Apple Approves AVIF Photo Format for Faster Web on iOS 16


Apple’s Safari web browser may display AVIF image files with the arrival of iOS16 and Mac OS Ventura this fall, as part of an industry effort to speed up the web by reducing file sizes.

The AVIF file format, which has already been adopted by Google’s Chrome and Mozilla’s Firefox browsers, reduces size with more advanced determination of photo details to keep or discard.

Smaller files render faster in browsers, which speeds up the user experience. The smaller photo sizes also ease the pain of monthly data caps.

Apple’s support for the format appeared in Apple’s Safari Technical Preview test browser. Jen Simmonsan Apple web developer evangelist, tweeted that AVIF support will be coming in future versions of Apple’s operating system.

Apple builds the video, audio and image format support in its operating systems, so it is possible that other software may also benefit from the AVIF capabilities. Support for iOS and macOS could make it easier to use AVIF in situations like viewing thumbnails of images in video streaming apps or uploaded photos in Apple’s preview tool .

AVIF, developed by the Open Media Alliance, can significantly reduce photos compared to other file formats. Google has found AVIF file sizes to be about half that of JPEGs at the same quality. Netflix likes AVIF’s “superior compression efficiency” and its support for HDR images.

Apple did not respond to requests for comment.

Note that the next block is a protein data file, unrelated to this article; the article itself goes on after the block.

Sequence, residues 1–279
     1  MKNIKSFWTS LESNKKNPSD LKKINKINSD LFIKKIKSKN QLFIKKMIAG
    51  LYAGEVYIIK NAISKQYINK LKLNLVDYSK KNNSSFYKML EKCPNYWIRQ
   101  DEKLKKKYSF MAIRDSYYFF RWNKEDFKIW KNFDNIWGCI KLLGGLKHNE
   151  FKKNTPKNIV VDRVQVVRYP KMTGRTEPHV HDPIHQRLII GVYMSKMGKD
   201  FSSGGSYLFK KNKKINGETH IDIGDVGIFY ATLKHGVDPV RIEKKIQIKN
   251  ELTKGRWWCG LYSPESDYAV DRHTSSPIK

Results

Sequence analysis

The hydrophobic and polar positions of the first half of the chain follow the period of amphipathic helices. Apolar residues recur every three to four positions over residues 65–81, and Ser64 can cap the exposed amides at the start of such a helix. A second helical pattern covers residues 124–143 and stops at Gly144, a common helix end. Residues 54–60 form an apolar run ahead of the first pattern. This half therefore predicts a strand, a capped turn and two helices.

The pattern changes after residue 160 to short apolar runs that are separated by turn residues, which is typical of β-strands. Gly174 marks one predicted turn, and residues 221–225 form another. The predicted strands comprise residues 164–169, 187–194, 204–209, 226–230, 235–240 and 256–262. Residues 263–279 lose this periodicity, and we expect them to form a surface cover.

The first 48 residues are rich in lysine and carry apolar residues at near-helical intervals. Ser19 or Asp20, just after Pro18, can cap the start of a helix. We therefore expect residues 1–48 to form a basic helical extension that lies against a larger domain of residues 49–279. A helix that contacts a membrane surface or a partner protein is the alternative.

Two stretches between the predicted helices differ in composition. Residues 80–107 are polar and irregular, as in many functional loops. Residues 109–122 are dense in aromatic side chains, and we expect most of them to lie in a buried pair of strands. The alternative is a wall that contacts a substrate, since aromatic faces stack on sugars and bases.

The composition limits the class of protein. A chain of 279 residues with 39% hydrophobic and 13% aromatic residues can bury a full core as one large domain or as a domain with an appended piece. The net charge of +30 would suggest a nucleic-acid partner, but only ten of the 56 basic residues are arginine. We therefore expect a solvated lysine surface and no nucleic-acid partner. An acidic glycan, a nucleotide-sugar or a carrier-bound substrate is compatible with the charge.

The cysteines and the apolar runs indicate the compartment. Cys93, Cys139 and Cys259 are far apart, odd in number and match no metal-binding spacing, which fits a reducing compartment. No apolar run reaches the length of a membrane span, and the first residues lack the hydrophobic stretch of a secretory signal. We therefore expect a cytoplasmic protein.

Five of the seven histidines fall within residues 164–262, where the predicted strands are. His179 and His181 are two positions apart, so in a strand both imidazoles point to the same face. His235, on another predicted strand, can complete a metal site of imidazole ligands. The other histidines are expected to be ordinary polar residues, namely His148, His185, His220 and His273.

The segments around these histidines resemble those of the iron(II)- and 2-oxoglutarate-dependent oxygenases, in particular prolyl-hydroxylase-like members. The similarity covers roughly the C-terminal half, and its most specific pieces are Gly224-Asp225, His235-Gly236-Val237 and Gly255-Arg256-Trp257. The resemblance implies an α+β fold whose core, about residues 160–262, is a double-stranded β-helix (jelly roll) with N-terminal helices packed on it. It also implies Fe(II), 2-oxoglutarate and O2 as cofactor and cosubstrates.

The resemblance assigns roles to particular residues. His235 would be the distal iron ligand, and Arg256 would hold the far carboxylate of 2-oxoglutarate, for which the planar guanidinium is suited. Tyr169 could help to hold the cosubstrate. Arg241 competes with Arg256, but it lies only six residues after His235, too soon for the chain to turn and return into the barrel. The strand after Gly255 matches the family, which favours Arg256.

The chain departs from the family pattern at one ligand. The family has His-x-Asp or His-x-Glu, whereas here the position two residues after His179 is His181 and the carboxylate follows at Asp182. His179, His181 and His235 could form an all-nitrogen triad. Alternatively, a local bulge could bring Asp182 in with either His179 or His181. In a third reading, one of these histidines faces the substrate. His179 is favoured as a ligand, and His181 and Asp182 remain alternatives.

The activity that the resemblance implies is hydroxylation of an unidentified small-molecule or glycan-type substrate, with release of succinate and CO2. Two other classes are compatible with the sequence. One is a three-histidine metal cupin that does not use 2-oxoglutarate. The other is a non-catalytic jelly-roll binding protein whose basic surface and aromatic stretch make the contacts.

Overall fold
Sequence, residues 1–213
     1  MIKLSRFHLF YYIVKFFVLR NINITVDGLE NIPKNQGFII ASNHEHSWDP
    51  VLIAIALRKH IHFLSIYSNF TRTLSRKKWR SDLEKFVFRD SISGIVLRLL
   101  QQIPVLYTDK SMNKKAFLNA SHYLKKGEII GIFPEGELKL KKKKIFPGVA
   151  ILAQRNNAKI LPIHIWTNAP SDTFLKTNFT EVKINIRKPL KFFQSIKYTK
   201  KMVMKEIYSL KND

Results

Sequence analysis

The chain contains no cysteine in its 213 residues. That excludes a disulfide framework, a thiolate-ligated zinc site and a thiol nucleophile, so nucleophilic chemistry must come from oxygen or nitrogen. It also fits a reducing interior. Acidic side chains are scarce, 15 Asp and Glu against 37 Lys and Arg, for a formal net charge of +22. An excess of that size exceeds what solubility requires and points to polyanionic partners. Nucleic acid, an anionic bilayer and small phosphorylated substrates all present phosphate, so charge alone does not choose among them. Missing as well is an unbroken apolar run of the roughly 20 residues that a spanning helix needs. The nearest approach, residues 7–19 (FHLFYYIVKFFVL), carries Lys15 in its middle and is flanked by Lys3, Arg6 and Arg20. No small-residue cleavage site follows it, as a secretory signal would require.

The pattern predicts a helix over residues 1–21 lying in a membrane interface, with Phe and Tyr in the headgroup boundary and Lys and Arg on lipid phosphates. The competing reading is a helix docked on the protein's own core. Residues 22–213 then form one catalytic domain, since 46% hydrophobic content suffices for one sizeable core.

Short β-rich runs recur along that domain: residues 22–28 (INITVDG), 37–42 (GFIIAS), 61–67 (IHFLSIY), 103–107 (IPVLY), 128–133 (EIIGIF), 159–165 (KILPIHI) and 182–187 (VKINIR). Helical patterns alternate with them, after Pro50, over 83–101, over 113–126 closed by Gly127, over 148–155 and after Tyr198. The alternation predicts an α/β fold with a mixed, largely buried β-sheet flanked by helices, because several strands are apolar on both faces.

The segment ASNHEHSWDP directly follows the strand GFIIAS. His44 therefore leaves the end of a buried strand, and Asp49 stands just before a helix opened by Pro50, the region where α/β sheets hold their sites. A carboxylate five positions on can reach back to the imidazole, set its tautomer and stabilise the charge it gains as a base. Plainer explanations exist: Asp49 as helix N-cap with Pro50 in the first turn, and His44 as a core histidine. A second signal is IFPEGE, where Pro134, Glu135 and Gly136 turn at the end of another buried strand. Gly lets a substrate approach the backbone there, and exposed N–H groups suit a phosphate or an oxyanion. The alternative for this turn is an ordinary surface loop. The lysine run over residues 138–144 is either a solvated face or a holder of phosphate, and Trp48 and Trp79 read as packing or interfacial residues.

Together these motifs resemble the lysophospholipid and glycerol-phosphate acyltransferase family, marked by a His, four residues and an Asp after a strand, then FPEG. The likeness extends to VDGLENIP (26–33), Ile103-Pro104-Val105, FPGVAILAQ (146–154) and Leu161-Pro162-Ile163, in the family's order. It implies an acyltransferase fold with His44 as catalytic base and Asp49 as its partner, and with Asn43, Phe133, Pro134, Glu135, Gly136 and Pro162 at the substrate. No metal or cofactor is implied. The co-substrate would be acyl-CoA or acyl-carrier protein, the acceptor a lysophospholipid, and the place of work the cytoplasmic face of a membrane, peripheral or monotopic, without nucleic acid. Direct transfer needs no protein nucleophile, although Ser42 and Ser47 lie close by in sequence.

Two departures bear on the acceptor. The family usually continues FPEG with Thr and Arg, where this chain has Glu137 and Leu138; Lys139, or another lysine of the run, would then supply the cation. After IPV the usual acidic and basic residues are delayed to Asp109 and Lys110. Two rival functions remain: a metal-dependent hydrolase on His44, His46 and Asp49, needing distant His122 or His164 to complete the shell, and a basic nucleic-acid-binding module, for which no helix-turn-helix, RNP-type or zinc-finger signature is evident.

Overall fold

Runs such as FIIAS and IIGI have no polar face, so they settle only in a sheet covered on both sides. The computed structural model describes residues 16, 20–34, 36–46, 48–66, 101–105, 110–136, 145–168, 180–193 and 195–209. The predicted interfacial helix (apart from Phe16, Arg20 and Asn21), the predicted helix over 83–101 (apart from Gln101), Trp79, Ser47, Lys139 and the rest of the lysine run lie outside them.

Adding new web-based file formats and tools to your smartphone’s camera app is a tough business. The JPEG format has been universally supported since its introduction in 1992 and offers enough speed and quality to make it difficult to dislodge. AVIF also competes with JPEG XL, WebP 2, and HEIC, among other alternatives.

But broad browser support is a critical success.

“We are proud to see AOM’s AVIF enjoying growing support across web media platforms and browsers,” said John Simmons, Executive Director of Alliance for Open Media.

Also happy: others who had worked on AVIF support, such as former Mozilla Firefox developer Andreas Bovens. “I remember when we started having conversations about AVIF at Mozilla, and then we sent out experimental support,” Bovens tweeted Tuesday. “Amazing how widely adopted it is!”

Microsoft does not support AVIF in its Edge browser, but on Windows offers an AVIF extension for Edge.

AVIF is short for AV1 Image File Format, which reflects its origins in AV1 video compression technology. Both photo and video formats are available royalty-free – a potentially significant advantage over alternatives like HEVC video and its derivative photo format, HEIC.

Royalty exemption requirements, however, are also at the heart of a European Union preliminary investigation into AOM’s AV1 license terms, Reuters reported.

AOM argues that the terms help competition, but do not hinder it.

“Our goal with AV1 and AVIF has always been to leverage AOM’s royalty-free technology to enable more web platforms, browsers, and users to cost-effectively stream video and images and better quality,” Simmons said. “By lowering the financial barrier to market entry, more companies, especially startups and small and medium-sized enterprises, can create new products and services, he said.

Apple’s support is a major boost for AVIF. This means that web developers can enjoy the benefits of AVIF without having to worry so much about falling back to another image format when AVIF isn’t an option.

If you’re curious about the file sizes and image quality of AVIF, you can try it out on your own photos using the Squoosh image compression comparison tool.

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